When a college names a head football coach, the new guy is usually given a green light to hire his own offensive and defensive coordinators, and that same unspoken rule often applies to incoming school superintendents.
It may not have been included in his written contract, but during the interview process a tacit understanding was reached between the school board and David Lewis that he would be able to hire a high-level official once he became superintendent of Muscogee County schools.
This week Lewis played that important trump card and recommended hiring Rebecca Bratten as deputy superintendent -- a position left unfilled since Robin Pennock retired more than five years ago.
Lewis and Braaten worked together in Polk County schools for 11 years, and if the school board approves her appointment at its meeting on Monday night, she will become his chief aide, ready to implement vital changes he proposes in local middle and high school classrooms.
That was Braaten's strong point as an assistant principal under Lewis and, later, when she was a system-wide administrator in the sprawling Florida county located between Orlando and Tampa. Her husband, Ben -- a former women's basketball coach at Webber International University -- is looking for a job here as a high school science teacher.
Offering new superintendents the right to hire isn't a novel idea. Through the years, previous boards allowed Braxton Nail, Jim Burns, Bob Bushong and John Phillips to hire assistants. Susan Andrews could have but she left the position vacant because of financial concerns. Then, when Andrews suddenly resigned, the system floundered without an obvious successor or someone to keep the seat warm until a new leader was hired.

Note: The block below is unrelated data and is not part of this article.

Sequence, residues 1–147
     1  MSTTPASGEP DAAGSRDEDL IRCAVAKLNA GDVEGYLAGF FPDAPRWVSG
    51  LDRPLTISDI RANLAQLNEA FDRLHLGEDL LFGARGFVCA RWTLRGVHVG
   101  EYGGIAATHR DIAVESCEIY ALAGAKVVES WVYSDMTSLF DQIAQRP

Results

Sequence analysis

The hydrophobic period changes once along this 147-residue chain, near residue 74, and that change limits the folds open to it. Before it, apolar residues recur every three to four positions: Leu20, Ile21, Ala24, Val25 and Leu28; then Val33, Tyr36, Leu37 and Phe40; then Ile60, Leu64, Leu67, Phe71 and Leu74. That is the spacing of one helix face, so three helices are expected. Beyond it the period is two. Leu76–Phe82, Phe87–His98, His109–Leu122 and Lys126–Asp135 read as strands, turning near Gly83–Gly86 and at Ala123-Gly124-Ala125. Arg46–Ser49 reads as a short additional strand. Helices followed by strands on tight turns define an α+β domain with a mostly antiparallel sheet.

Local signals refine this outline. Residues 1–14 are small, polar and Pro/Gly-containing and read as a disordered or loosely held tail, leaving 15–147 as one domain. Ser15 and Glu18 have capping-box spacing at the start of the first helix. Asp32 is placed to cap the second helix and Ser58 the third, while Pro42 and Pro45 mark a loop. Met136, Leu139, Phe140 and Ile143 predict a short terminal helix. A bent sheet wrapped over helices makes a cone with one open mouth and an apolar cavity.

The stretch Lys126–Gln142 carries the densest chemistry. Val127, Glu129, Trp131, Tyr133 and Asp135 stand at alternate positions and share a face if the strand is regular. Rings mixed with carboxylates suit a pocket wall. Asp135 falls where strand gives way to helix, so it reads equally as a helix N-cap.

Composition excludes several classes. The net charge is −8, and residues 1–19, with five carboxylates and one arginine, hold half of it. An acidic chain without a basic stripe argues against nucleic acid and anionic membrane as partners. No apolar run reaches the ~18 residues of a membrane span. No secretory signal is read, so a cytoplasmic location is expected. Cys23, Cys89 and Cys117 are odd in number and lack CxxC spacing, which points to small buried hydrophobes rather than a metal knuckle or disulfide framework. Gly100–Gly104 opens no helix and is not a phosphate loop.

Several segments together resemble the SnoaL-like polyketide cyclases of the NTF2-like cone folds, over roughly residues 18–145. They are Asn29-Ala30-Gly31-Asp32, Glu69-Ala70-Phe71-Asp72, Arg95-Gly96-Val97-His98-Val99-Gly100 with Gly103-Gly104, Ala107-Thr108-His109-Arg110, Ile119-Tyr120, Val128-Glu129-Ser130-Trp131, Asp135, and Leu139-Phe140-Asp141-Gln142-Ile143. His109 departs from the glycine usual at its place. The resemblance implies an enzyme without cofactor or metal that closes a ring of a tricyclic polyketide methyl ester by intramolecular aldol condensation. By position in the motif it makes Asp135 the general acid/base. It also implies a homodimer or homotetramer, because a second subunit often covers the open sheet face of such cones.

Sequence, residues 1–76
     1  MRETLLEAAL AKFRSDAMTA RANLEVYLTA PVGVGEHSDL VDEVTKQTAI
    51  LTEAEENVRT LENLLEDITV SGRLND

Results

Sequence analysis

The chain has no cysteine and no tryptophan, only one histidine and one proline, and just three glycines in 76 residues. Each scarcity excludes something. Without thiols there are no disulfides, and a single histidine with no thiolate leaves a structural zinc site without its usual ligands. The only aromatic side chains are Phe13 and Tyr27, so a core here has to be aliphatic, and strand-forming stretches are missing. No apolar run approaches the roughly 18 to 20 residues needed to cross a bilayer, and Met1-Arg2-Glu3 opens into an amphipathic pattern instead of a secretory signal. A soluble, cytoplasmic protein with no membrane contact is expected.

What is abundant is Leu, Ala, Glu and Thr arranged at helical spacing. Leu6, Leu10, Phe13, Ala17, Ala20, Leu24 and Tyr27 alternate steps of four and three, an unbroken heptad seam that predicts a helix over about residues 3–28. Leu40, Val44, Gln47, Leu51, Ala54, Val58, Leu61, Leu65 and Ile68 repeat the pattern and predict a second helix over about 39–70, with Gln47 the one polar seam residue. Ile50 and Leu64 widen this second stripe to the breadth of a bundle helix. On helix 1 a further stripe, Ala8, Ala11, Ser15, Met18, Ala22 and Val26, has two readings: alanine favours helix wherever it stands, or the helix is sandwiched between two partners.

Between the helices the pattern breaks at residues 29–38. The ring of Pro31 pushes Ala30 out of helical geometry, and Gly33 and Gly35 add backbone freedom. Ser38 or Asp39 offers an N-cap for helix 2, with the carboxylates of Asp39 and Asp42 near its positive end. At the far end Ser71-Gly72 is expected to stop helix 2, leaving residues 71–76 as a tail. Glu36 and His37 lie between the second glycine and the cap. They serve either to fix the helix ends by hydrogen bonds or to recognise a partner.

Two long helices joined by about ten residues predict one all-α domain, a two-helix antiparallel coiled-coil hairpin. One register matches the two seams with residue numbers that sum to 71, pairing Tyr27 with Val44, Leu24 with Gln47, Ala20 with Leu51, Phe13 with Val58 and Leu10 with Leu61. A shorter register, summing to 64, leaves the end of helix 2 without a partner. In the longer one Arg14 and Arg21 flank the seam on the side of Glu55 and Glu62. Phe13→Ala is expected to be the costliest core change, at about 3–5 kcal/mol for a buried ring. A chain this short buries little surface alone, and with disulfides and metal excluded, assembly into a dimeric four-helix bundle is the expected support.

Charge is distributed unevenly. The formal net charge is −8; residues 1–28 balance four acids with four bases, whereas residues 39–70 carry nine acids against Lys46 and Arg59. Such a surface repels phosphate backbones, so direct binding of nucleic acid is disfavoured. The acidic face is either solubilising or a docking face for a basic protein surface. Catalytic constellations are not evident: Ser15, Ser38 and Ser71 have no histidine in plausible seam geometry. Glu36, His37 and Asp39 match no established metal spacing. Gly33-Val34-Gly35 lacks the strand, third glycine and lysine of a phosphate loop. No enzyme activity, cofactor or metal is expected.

If approved, Bratten will be paid $122,500 annually, bringing the average salary of cabinet-level administrators to $114,657.45 a year. That includes Lewis, who is making $170,000. This compares to teachers and principals whose annual pay is $50,313.48 and $97,494.10, respectively.
Lewis took over on July 24 and he's dealing with a shortage of experienced schoolhouse leaders at the top of his chain of command -- a deficit found throughout the system's organizational chart.
Of the nine current members of the superintendent's cabinet, only Chief of Student Services Melvin Blackwell and Chief of Academics Vernoica Collins were ever a principal or assistant principal. Braaten would be the third. To further dilute experience on the academic side, five members of Lewis' inner circle with various areas of expertise have no classroom experience.
And Lewis isn't done yet. He suggested other changes are coming.
That could mean more new faces or a shuffle of familiar ones. Whether newcomers will have Florida driver's licenses remains to be seen.
Give him time. He hasn't even reached the halfway mark of his 120-day plan.
-- Richard Hyatt is an independent correspondent. Reach him on Twitter@hyattrichard.